Smaller vessels have a larger surface area relative to their volume. The four-liter pot used by Patterson et al. to determine the amount of dissolved lead presumably would leach out more of the metal than the huge oiled cauldron mentioned by Columella (XII.20.3), in which ninety amphorae (approximately 2340 liters) of must remained after boiling.
Defrutum was only one of several remedies to sweeten or preserve potentially sour wine (Pliny, XIV.121). Sea water and resin also were added, as was sugar of lead. Martial accuses a wine merchant of Marseilles of shipping poisonous and overpriced wines to his friends and, indeed, being reluctant to visit Rome for fear of having to drink them himself (Epigrams, X.36). Pliny, too, complains that "genuine, unadulterated wine is not to be had now, not even by the nobility" (XXIII.1), ruefully remarking "So many poisons are employed to force wine to suit our taste—and we are surprised that it is not wholesome!" (XIV.130). Indeed, "So low has our commercial honesty sank that only the names of vintages are sold, the wines being adulterated as soon as they are poured into the vats. Accordingly, strange though it may seem, the more common the wine is today, the freer it is from impurities" (XXIII.34).
Columella regarded "as the best wine any kind which can keep without any preservative, nor should anything at all be mixed with it by which its natural savour would be obscured; for that wine is most excellent which has given pleasure by its own natural quality" (XII.19.2). Further, "care must be taken that the flavour of the preservative is not noticeable, for that drives away the purchaser" (XII.20.7).
Writing several decades later in the first century AD, Dioscorides says much the same thing. "Generally, all unmixed and simple wine (hard by nature) is warming, easily digested and good for the stomach. It encourages the appetite, is nourishing, induces sleep, and causes a good colour" (Material Medica, V.11). Those with sapa, however, "fill the head causing drunkenness." One should drink moderately and (because alcohol is a diuretic and dehydrates the body) drink water both before and afterwards, "for it brings some help in avoiding illness owing to drunkenness."
The best tasting wine likely would not have been adulterated and presumably was the very wine drunk by the nobility, who supposedly were most at risk for lead poisoning. More than wine or water transported through lead pipes, the dainties and elaborate sauces prepared with defrutum by gourmands such as Apicius are likely to have been the primary source of ingested lead by the Roman aristocracy.
"What I tell you three times is true."
Lewis Carroll, The Hunting of the Snark (I.8)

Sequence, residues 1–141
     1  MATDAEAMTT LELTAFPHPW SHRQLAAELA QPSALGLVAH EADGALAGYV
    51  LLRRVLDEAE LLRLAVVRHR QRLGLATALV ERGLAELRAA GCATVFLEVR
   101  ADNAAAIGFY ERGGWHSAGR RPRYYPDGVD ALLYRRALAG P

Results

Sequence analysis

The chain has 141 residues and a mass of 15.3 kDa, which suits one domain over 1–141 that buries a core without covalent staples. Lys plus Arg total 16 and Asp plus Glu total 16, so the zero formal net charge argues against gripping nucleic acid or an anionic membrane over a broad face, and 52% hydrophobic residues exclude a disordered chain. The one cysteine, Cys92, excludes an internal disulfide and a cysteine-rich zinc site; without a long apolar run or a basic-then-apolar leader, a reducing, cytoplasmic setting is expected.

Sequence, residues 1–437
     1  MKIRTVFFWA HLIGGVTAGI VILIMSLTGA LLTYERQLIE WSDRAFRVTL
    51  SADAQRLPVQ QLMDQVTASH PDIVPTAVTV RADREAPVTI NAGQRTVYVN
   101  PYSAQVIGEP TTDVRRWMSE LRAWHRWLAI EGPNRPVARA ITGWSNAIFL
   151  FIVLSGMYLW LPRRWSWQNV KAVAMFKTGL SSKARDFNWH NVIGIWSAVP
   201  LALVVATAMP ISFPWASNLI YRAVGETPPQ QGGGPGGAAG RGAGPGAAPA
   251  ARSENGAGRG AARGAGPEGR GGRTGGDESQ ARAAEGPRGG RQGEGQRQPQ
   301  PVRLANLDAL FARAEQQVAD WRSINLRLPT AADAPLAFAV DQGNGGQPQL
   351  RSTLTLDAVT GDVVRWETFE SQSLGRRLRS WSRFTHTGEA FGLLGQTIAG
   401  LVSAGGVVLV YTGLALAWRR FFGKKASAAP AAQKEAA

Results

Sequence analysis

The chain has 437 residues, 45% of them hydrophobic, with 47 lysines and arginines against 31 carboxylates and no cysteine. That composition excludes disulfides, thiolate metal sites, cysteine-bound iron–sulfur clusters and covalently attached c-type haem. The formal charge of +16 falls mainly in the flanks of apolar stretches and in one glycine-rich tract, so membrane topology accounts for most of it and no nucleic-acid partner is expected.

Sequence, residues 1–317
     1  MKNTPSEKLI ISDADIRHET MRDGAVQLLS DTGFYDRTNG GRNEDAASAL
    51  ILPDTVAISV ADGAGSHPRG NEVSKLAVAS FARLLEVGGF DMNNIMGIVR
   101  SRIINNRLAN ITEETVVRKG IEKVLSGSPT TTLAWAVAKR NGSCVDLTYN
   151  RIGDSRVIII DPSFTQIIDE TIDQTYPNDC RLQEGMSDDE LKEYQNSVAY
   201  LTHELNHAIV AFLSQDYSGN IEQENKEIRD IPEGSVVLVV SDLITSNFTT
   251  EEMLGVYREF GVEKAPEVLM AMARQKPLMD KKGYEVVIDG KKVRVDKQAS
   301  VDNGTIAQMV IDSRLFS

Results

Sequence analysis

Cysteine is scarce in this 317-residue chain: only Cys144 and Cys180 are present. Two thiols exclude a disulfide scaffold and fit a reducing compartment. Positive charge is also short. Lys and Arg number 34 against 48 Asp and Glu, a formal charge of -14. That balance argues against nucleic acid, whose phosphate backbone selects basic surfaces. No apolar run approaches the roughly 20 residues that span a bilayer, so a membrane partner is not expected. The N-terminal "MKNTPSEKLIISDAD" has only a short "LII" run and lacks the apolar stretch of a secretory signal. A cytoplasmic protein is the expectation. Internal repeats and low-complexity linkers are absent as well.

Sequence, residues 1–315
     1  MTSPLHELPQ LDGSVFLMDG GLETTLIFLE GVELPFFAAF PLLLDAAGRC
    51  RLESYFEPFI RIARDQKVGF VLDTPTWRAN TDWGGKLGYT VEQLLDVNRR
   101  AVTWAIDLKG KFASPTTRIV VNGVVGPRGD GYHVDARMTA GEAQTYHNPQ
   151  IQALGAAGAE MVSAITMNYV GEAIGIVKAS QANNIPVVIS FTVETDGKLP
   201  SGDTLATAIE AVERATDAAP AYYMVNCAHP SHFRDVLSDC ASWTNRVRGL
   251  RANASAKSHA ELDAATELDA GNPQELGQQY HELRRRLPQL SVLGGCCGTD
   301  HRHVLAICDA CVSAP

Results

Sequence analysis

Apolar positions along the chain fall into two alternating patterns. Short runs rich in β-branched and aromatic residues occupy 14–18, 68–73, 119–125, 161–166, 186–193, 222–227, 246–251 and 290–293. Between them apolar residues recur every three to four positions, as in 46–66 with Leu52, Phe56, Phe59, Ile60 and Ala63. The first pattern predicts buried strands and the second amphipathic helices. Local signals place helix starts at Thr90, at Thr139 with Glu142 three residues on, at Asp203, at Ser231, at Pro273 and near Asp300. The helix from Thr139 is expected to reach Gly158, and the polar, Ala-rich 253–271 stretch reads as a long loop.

A cautionary note: One reads that Hippocrates described lead colic in a man who was a metal worker, or that he was the first to do so and that this occurred in 370 BC. The primary source for these statements is almost never given, although the Encyclopaedia Britannica Online does say in its entry on Occupational Disease: The preindustrial era that "The first recorded observation of an occupational disease may be a case of severe lead colic suffered by a worker who extracted metals. It is described in the third book of Epidemics, attributed to Hippocrates." There is mention of painful colic and constipation in Part 8 of that book, but the symptoms are not attributed to lead nor to lead workers. It is facile to assume that, because Romans used lead and reported symptoms concomitant with lead poisoning, they were caused by lead—or, to phrase it another way, that if lead poisoning can have almost any symptom, then almost any symptom can be attributed to it. While Hippocrates may have known about lead poisoning, Waldron cautions that he "did not describe it in any of the books which have come down to us."
"But the Goths kept pressing vigorously upon them, shooting many missiles at the battlements, and they were already about to set their ladders against the wall, having practically surrounded those who were fighting from the tomb; for whenever the Goths advanced they always got in the rear of the Romans on both flanks; and for a short time consternation fell upon the Romans, who knew not what means of defence they should employ to save themselves, but afterwards by common agreement they broke in pieces the most of the statues, which were very large, and taking up great numbers of stones thus secured, threw them with both hands down upon the heads of the enemy, who gave way before this shower of missiles."
Procopius, The Gothic War (V.22)
Procopius is relating the Siege of Rome by the Goths in AD 537. The Barberini Faun (above) was discovered early in the seventeenth century at Hadrian's Tomb (Castel Sant'Angelo) and may have been one of the pieces thrown from the wall. Named for the cardinal who owned it early in the seventeenth century, it now is in the Glyptothek (Munich), which was constructed to house the sculpture collection of Ludwig I of Bavaria, who had a room designed specifically for his prize statue.
"[Trajan] in his wisdom and authority and devotion to the people has opened roads, built harbours, created routes overland, let the sea into the shore and moved the shore out to sea, and linked far distant peoples by trade so that natural products in any place now seem to belong to all."